Give us back lightning-fast Updates
Consider having the entire Component-based Servicing Infrastructure running from RAM if available and as far as is possible.
I've done extensive analysis and testing to what CSI is actually doing. While no doubt it is much much more secure/reliable then for example WinXP updates were, it does have a significant drawback, which hurts even more in Virtualization. Let me ask you: What do you commonly have enough of in Virtualization ? CPU ? Yes, Mem. ? Usually, also yes, Network ? Usually, yes, Disk I/O ? NO. Usually, disk I/O is the common bottleneck in most Virtualization-environments I've come across by far. So while it would be easy to scale up no. of VMs per host based on CPU/Mem./Network, it usually gets bottlenecked because of limited available disk I/O. Not even so much under normal running conditions, but especially when doing servicing, aka Windows Updates/DISM. In general, the current CSI does a very bad job at this simply because everything seems to be totally disk-based. Every stage from detection to download to staging to comparing, to installing, to pre-shutdown and post-startup ("Working on updates", etc.) is totally disk-based and as such heavily bound by the total available disk I/O on a host (or SOFS/etc.). This greatly impairs otherwise possible upscaling of no. of VMs per host. I've calculated roughly that to deploy 1 Gbyte of updates you will get over 11 Gbytes of total disk-churn. Hey, this is talking 1 (one!) VM. If excluding the downloads, you're still, generally speaking, talking about a factor 5-6 disk-churn ! -> Which could have been largely avoided if most of the entire CSI would be running from RAM. I've developed a script which employs a dynamic ramdisk in combi with alot of folder-redirecting (reparsepoints) to get most of CSI running from RAM, saving state to ramdisk at startup and restoring state at shutdown, and as such have been able to reduce disk-churn by a factor 3 and deployment-time from 3 h. to 2 h. for 204 updates so far! The script though is an ongoing experiment as I find more and more stuff that I can redirect to ramdisk to speed up this whole process, reducing disk-churn along the way. Since it's a dynamic ramdisk, using it in combi with Dynamic Memory means a VM will grow for around 4 Gbytes during the whole process, but after it's done everything gets returned to the OS by the dynamic Ramdisk, which in turn 5 min. later returns it back to the host for use elsewhere. The current new way of doing major upgrades is in my opinion also just a big miss! How about "servicing" 50 or a 100 or even more systems with that simultaneously ? What kind of disk-subsystem would you need for that, just to be able to keep up with that ? From my testing so far I've seen major improvements just by having all these processes done from ram(disk), thereby increasing chance of corruption, no doubt, but why not making it one huge "major" transaction as such then ? If it fails somewhere, the whole thing gets undone/ignored/discarded and has to be started from scratch (in ram), but if it succeeds, it would enormously speed up everything involved, so also installing roles/features to name something (DISM), not to mention needed IOPs and as such (using tiered storage or just SSDs) alot of unneccesary wear. Having a Replica ? Calculate your savings from this times 2. Oh, what about backup ? It certainly is a best practice, right ? Calculate x3. So, roughly, having Replica and backups, to install 1Gbyte of updates on 1 VM costs you 1 * (factor of 5) * 3 = 15 Gbytes. Employing CBT do you ? Okay, then 1 * (factor of 5) * 2 + 1 = 11 Gbytes. Doing most in RAM would mean you deploy 1Gbytes of updates which only writes the end-result = 1 Gb, so 1*3 = 3Gb. Per VM and one large update-run you thus save roughly 11 Gbytes of wear and tear of your machines (Replica-network gets considerably less aswell ofcourse). Now please recount when having 100 VMs to be serviced/replicated/backed up !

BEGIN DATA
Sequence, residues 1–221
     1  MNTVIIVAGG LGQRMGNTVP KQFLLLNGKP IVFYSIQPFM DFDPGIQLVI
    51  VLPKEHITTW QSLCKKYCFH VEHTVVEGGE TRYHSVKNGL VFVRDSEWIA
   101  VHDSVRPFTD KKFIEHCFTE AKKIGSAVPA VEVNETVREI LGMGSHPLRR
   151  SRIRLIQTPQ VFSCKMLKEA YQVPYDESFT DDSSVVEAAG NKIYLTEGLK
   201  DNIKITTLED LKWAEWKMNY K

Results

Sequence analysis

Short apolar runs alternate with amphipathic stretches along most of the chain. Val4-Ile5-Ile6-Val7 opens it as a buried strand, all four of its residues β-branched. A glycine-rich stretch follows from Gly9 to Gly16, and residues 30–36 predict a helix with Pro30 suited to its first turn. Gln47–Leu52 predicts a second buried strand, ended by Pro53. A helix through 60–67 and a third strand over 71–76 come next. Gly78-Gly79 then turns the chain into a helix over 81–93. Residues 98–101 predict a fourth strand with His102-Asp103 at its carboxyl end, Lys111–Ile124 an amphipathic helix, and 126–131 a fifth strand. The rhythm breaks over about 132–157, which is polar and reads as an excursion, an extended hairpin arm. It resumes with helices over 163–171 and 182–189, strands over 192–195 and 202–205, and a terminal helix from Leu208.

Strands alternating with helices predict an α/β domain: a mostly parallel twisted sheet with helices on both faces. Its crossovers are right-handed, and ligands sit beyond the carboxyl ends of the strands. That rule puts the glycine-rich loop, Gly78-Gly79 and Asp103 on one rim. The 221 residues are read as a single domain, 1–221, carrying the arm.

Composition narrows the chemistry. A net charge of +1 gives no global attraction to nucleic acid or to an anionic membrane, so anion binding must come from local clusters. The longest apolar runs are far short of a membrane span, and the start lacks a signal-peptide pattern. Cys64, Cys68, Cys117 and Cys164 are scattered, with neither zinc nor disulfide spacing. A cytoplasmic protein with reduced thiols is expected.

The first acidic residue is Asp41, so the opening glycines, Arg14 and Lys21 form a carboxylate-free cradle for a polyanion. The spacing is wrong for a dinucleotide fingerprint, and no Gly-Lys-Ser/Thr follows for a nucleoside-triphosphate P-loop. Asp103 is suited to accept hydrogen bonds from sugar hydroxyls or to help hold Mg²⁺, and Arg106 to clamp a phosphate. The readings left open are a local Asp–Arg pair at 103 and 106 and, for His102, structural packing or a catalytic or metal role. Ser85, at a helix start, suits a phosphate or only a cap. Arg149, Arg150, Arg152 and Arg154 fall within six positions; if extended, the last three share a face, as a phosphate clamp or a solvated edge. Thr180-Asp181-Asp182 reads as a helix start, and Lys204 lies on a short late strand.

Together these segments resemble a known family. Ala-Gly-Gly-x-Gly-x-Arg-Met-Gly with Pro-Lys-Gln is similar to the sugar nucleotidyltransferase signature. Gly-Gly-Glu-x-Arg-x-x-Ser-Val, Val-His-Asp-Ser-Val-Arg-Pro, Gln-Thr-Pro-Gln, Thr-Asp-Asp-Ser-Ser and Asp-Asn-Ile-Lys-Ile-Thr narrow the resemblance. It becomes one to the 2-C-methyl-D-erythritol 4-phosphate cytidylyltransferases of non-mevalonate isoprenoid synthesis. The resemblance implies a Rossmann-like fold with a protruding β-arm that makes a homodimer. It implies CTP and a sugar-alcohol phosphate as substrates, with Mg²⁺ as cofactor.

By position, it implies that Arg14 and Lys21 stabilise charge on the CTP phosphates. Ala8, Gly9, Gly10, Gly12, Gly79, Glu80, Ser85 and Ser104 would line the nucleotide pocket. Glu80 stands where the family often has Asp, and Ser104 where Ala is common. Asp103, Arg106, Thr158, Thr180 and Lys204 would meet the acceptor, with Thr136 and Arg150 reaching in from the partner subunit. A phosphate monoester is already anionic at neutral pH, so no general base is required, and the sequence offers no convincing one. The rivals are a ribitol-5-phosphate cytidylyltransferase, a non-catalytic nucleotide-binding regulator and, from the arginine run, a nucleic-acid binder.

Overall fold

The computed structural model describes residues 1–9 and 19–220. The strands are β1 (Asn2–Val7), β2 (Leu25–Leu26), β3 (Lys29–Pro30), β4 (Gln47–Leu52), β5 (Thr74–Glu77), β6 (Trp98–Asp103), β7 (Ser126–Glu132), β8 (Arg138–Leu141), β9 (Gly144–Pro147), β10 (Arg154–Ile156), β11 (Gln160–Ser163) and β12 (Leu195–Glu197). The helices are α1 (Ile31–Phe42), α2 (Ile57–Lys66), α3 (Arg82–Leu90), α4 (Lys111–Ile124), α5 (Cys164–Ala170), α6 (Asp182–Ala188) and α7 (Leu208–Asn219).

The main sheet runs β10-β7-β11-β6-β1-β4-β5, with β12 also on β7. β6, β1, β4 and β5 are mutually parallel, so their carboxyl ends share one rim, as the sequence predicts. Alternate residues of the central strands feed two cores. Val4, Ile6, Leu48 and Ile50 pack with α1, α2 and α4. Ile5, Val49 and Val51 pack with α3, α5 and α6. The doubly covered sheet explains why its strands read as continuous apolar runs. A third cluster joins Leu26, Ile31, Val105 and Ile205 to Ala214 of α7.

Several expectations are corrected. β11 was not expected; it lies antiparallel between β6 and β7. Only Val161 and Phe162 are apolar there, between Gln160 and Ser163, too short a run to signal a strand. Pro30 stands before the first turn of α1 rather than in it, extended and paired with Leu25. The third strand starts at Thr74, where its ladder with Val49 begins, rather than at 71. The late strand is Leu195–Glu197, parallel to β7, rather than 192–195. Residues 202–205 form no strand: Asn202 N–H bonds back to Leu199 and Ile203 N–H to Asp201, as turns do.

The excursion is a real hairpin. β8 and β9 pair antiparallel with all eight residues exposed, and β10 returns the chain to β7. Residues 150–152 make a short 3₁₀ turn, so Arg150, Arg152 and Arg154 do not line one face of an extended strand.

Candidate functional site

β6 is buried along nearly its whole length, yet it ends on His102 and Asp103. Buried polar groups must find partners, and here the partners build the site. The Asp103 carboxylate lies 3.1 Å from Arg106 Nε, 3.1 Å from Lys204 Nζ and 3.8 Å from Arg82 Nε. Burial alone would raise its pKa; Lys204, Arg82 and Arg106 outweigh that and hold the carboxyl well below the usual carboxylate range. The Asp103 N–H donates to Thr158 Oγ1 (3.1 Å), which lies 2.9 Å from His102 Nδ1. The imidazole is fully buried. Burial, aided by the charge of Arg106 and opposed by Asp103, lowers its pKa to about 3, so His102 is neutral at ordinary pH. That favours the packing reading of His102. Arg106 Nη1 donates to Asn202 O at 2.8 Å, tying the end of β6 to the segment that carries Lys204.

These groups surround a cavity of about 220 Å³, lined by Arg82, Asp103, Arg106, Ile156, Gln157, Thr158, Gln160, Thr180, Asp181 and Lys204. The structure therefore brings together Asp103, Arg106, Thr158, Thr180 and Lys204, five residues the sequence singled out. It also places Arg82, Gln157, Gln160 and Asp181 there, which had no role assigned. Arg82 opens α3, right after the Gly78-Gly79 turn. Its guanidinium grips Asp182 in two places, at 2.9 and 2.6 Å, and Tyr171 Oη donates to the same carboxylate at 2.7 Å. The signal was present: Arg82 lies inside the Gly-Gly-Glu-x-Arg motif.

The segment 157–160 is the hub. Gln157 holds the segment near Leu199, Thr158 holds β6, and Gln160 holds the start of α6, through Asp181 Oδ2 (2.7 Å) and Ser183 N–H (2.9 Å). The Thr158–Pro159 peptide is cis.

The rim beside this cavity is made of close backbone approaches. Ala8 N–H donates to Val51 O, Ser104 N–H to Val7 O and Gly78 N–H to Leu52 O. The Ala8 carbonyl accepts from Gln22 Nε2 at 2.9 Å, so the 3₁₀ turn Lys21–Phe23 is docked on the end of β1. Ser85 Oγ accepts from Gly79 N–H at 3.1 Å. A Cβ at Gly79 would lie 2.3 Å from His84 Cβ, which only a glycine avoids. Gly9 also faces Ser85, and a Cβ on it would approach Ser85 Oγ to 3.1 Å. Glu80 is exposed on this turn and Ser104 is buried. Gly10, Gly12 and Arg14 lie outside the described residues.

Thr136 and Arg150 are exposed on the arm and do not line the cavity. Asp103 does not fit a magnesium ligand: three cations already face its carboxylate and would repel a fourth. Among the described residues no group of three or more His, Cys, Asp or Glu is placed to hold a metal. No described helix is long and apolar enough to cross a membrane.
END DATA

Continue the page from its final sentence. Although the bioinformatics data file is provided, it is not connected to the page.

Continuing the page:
Karl Wester-Ebbinghaus (@tweet_alqamar) commented
I see your point but we cannot compare CBS / dism based patching as we use it today, which usually allow rollbacks of any update without caring for the dependencies with a plain extract and replace all files" updates we had in Windows XP.
I agree however that dism / the Trusted Installerserices is comparibly slow even on my small test environment using 2 EVO 960 NVME in RAID 0.
The problem imho is that the trustedinstaller is not optimized for virtualized environment and causes very high cpu loads but is very limited with parallel IO.
if the dism process could be optimized for better multicore support and better usage of disk the update processes might be faster at all.